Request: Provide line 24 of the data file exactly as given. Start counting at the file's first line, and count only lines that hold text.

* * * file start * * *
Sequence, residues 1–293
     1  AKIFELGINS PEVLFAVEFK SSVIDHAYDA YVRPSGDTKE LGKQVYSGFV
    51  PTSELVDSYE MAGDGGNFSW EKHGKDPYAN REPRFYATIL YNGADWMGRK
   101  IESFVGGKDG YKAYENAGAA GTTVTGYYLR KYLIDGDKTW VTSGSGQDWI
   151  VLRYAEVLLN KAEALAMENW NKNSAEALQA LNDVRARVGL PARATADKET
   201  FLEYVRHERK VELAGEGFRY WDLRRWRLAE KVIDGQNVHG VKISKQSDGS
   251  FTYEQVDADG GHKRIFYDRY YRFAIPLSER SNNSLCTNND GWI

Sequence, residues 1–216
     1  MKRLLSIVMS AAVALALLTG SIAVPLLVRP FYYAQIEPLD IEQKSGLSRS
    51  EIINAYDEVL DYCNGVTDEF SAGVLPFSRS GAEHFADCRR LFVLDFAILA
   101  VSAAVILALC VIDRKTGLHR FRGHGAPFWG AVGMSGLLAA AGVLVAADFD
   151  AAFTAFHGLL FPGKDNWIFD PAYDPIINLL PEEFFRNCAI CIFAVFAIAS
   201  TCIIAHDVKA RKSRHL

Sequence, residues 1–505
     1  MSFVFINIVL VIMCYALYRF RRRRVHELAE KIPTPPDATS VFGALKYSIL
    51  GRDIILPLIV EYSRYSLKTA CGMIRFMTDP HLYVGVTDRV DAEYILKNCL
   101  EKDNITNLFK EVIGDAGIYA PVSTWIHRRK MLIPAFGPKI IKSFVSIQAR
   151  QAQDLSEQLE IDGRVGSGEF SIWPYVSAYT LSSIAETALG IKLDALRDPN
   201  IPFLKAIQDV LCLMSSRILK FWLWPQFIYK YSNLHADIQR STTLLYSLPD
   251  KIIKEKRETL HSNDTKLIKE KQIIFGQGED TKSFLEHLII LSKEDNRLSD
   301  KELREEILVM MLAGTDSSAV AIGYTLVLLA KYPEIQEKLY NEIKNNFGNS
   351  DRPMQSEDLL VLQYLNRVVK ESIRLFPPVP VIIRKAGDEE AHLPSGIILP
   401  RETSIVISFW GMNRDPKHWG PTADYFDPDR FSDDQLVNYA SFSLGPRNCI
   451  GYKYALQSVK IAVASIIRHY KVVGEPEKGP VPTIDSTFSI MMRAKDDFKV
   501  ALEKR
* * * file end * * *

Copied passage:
   451  GYKYALQSVK IAVASIIRHY KVVGEPEKGP VPTIDSTFSI MMRAKDDFKV